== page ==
The American box office saw a zero-dollar tally for the weekend ending on March 20. All of the major studios have said that it doesn't make sense to report ticket sales to data-reporting specialist Comscore while most of the theaters are closed, resulting in Comscore withholding its silver screen analysis for the week. This is the first time in 26 years the box office report has come up blank.

The dominoes fall

Walt Disney (NYSE:DIS) was the first major studio to withdraw its ticket-sales data amid the COVID-19 crisis.

"Given the current large number of theater shutdowns around the globe, Disney will suspend global weekend reporting for the time being," the company wrote in emails to several media outlets last Thursday. "Wishing you and your families the best during these testing times and please be safe."

Comcast (NASDAQ:CMCSA) subsidiary Universal Studios followed suit later that day. With that, every major studio folded their weekend-reporting hands, leaving Comscore without any data to report.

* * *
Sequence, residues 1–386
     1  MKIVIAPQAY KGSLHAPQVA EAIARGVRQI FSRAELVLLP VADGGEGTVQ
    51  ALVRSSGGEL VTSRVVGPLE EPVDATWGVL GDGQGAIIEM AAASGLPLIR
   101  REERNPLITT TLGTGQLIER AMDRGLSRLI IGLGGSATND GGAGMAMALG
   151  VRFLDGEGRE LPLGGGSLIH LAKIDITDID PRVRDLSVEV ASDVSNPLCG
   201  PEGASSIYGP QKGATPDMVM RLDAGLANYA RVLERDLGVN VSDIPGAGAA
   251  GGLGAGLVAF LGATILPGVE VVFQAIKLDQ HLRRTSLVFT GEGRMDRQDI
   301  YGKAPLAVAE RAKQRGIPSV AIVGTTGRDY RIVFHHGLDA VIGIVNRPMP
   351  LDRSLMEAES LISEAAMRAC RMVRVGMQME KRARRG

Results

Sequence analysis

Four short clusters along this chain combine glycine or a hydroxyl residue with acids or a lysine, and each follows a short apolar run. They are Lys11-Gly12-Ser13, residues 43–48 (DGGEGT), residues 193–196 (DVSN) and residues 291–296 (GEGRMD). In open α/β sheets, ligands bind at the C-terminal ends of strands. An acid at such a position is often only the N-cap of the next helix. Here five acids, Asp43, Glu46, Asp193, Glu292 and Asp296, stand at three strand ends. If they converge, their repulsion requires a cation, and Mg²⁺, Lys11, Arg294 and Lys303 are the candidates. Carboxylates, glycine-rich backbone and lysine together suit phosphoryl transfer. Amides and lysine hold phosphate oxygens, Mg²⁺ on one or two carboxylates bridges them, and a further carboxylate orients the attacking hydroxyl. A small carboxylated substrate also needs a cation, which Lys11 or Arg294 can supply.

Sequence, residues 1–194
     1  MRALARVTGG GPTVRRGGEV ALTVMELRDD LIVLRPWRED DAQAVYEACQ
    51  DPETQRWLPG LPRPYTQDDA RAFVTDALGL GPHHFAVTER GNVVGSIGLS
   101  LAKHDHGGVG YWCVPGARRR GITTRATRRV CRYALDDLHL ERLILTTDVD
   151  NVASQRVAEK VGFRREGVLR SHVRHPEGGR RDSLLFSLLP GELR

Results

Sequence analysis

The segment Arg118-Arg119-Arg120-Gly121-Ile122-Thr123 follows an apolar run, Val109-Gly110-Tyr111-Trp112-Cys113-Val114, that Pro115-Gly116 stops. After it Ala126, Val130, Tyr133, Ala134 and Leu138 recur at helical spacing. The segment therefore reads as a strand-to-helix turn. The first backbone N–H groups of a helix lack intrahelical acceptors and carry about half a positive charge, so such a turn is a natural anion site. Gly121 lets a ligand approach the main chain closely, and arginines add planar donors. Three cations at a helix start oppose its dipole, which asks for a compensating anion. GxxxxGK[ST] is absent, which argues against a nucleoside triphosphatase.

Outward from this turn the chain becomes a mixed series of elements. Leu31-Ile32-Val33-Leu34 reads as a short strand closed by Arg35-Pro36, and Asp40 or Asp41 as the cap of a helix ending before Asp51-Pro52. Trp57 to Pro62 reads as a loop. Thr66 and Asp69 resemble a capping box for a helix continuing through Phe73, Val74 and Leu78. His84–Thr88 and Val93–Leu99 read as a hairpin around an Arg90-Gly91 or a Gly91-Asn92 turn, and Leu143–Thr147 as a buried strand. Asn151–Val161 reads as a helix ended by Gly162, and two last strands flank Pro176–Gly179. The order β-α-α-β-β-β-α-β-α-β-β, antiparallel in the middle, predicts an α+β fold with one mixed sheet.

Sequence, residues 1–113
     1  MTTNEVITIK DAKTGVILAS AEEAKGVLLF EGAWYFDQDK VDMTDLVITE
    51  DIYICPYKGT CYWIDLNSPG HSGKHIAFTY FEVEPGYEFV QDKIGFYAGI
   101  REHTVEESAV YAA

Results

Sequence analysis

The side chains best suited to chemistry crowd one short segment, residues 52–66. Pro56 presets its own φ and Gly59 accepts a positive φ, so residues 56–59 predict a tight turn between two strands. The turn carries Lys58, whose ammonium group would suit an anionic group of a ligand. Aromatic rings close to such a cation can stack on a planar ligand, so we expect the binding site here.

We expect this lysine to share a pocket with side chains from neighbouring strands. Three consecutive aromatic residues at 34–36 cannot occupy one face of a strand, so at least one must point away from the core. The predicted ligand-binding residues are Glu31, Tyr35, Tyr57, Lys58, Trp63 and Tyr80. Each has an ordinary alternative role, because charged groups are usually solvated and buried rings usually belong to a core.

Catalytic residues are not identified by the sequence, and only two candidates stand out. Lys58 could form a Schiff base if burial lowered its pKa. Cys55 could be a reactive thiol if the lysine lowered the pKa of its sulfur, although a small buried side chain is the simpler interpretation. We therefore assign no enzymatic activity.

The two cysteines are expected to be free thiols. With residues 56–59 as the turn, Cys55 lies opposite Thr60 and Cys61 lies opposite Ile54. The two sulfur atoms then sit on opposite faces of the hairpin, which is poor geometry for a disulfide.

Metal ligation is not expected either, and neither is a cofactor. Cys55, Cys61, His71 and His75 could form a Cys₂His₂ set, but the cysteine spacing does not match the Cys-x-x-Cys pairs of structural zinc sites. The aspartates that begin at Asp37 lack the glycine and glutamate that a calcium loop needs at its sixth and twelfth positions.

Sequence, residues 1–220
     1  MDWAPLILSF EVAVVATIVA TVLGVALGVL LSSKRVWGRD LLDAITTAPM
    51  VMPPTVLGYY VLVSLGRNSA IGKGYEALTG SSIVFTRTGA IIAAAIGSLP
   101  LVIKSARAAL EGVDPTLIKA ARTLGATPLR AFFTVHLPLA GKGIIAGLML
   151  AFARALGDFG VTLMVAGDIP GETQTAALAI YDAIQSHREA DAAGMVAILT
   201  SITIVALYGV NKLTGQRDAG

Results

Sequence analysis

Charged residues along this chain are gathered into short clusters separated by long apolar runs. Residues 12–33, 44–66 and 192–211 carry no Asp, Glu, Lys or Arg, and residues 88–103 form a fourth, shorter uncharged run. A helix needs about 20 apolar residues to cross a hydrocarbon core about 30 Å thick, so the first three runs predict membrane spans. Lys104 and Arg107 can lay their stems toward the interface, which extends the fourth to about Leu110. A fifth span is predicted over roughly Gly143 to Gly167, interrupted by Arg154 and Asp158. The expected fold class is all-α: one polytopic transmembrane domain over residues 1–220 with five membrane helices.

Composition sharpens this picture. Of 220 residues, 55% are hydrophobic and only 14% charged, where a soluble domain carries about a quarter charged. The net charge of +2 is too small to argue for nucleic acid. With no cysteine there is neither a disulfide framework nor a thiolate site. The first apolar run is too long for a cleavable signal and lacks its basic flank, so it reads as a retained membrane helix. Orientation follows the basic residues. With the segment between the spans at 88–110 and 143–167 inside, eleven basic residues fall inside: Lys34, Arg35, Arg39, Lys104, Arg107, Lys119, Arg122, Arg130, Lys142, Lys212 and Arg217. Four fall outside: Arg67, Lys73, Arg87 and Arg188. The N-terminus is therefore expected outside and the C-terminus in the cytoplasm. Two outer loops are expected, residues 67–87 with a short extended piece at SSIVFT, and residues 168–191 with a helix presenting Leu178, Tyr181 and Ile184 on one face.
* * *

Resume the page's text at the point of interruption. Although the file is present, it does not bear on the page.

It's true that a few hundred screens remain open, managed by local businesses rather than nationwide chains. But it makes sense to ease up on ticket-sale reports when 96% of the industry closes down.

The last zero-dollar ticket sales report came in the winter of 1994, when the magnitude 6.7 earthquake in Northridge, California, brought all of Hollywood to a halt for a single week.

Two youngsters asleep in an otherwise empty movie theater.

You shouldn't even be here, kids. Image source: Getty Images.

What's next?

Comscore will monitor the situation and get back to its normal reporting schedule once the studios and theater chains agree to restart the halted release schedule. That, in turn, will depend on how long the coronavirus pandemic blankets the country in lockdown orders and social distancing policies. You should expect the box-office figures to stay dark for several weeks.